Mayi de la Vega is the founder of ONE Sotheby’s International Realty (ONE SIR), and the first female Cuban-American Sotheby’s International Realty franchise owner. Her office represents beachy properties along Florida’s east coast from Cape Canaveral to Miami, including luxury developments such as Zaha Hadid’s One Thousand Museum.

Other than representing clients in high-end real estate transactions in
ONE Sotheby’s International Realty is known as a family-run business, one that has grown to include over 1,000 agents. 

Mansion Global caught up with Ms. de la Vega to find out what buyers want along oceanfront Florida.

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MG: What’s a typical week like for you?

MV: Ever-changing. Two days are never the same. That’s what I love about what I do. It’s always exciting. It’s always challenging. I’m always meeting new people and learning new ideas and new perspectives. It’s wonderful to be able to capture all of that and learn from it. It feels like a roller coaster sometimes.

MG: Did you manage to go on vacation this summer?

MV: After months of lockdown and no travel, I was able to get out to Aspen [in Colorado]. I was like a butterfly, traveling around to all of our affiliate offices before the lockdowns. Aspen was lovely, and after being so scared of being out there [in the world], it was great to hike and bike again. It wasn’t a long break, but to look at those Aspen trees felt really good.

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MG: It’s said that South Florida is a seller’s market at the moment. Who’s buying in Florida?

MV: It’s been a landmark of a year. Florida became a state that everybody wanted to be in, and they gravitated here. We have very favorable tax laws and no state-income tax. The weather, the beaches, the lifestyle, the culture and dining—people just felt it would be a great alternative to being in the city. For the price of an apartment in some cities, you could buy a great house here. Prices here have always been lower here than in New York City, Beverly Hills, [California], Hong Kong and other great cities.

MG: What are the biggest shifts in buyers’ demands you predict will have a lasting impact?

MV: When people build homes from scratch, their requirements are going to be quite different because a lot of people will want permanent home-office space. Work flexibility will continue in the long run. 

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MG: What amenities do you think will be long-term?

MV: Covid has had a very significant impact on our lifestyles and the way we live day in and day out. Everything you need to work comfortably from home will be long term. Conversions of extra rooms into office spaces or home learning rooms. A faster internet connection with more bandwidth. Good lighting is important for Zoom calls. During the pandemic, we all learned new ways to work. We had to figure out a lot of things and keep going. People started appreciating a home that would have a home office and a place to take Zoom calls and work quietly.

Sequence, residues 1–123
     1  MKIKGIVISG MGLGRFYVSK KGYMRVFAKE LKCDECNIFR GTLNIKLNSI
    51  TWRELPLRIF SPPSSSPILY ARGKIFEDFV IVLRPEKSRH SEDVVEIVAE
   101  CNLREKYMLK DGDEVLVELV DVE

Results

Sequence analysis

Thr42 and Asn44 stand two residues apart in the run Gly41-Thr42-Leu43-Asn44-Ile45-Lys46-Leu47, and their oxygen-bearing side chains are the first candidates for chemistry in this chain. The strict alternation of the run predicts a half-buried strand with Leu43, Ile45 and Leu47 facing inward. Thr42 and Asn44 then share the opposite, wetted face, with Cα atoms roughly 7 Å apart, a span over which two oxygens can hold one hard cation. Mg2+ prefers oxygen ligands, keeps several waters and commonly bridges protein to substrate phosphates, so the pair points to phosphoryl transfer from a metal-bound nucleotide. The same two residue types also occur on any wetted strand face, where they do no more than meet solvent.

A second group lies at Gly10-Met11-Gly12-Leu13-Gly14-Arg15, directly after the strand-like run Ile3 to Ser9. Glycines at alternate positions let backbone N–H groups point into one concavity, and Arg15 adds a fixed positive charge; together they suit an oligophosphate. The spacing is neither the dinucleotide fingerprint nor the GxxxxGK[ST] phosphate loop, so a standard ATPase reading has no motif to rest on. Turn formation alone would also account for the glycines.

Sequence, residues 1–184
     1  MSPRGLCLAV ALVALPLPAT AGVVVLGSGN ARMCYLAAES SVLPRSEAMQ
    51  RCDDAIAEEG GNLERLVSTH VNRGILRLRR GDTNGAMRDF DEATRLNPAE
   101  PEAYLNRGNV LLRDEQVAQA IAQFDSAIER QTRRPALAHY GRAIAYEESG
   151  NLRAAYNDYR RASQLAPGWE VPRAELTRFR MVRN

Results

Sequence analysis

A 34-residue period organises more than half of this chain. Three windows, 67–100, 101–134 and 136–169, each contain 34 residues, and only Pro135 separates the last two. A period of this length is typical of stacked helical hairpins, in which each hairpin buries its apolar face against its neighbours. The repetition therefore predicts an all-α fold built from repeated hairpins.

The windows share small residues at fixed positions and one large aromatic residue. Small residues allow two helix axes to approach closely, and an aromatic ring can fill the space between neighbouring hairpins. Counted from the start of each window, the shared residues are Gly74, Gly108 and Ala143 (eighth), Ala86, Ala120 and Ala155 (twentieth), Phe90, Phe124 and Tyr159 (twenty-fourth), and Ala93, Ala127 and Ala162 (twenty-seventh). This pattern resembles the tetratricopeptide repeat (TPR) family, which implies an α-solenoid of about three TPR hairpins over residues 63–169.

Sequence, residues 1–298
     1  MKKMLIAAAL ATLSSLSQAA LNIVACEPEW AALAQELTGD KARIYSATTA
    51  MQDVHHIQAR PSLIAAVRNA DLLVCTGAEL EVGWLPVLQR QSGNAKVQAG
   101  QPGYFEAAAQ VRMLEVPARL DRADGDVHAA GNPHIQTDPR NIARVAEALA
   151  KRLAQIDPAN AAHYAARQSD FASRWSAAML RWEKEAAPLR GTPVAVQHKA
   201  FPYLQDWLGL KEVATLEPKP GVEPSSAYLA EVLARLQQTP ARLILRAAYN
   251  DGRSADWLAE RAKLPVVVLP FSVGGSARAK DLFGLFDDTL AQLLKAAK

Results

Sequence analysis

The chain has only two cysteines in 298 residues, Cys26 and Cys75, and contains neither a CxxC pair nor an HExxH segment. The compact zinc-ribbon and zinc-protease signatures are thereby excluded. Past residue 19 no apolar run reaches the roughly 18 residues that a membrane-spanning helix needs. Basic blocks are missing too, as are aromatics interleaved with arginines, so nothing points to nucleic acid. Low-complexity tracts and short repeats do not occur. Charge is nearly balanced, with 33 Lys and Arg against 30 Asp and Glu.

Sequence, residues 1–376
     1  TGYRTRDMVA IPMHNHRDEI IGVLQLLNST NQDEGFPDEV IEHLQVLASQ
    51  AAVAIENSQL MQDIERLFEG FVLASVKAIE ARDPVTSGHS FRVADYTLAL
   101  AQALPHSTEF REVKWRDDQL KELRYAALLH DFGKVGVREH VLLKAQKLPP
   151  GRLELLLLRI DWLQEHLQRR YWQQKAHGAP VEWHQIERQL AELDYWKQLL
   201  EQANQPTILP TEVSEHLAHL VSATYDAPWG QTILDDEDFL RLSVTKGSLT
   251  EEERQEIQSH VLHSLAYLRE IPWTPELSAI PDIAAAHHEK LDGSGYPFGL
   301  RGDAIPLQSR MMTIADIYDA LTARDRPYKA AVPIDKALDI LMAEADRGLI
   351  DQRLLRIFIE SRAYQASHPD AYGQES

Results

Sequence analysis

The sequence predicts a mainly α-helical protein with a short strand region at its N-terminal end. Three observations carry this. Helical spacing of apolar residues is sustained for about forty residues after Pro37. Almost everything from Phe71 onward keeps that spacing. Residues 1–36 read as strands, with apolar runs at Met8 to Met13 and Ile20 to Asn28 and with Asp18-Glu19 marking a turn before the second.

MG: How have you been making the most of your time at home?

MV: Williams-Sonoma became my best friend because I started cooking again and baking again, just to break up the day. People were so used to going out and to traveling. You had to find a diversion, a distraction that you enjoy doing in your home. For me, I cooked a lot and I baked a lot. I couldn’t see my grandkids, so I would drop off cakes, wave to them behind the gate of their house, and go on. We learned to find new hobbies.

MG: In your line of work, what are some other topics that have been coming up lately?

MV: Quality of life and longevity. Everyone is more in tune with their bodies, taking their vitamins and minerals to make their bodies strong, whereas before, people were much more dismissive of that. Good immunity equals longevity. 

Another topic has been the family unit. It’s become the focus, because so many of the distractions we had before the pandemic have gone away. People are talking about how they’re valuing their families more. This gets back to health-related topics as people have more time to cook simple, unprocessed foods instead of going by the drive-thru for dinner. 

MG: How do you define luxury?

MV: I love that word. I love it because it’s ever-changing. I define luxury as approachable, accessible, simple quality. Luxury is no longer about being served with silver platters and white gloves. The definition for me isn’t a price point anymore, it’s a feeling that’s evoked. Luxury can be made a part of your daily life. Bath salts from CVS or a luxury retailer can both be considered luxurious, provided you use them. It’s about your experience. A $300,000 house can evoke the same feeling of luxury that a $10 million house can. Luxury is elegant, timeless and simple. It should definitely not be in your face. 

MG: What does your dream house look like?

MV: My dream house would be a Mid-Century Modern with a lot of wood, texture and stone on a green, lush property overlooking a beautiful creek, lake, bay or water of some sort. It would have an infinity-edge pool. The deck would be teak. Inside, it would have high ceilings covered in wood, wood floors, a lot of stone and a lot of natural products. I’d keep it very simple.

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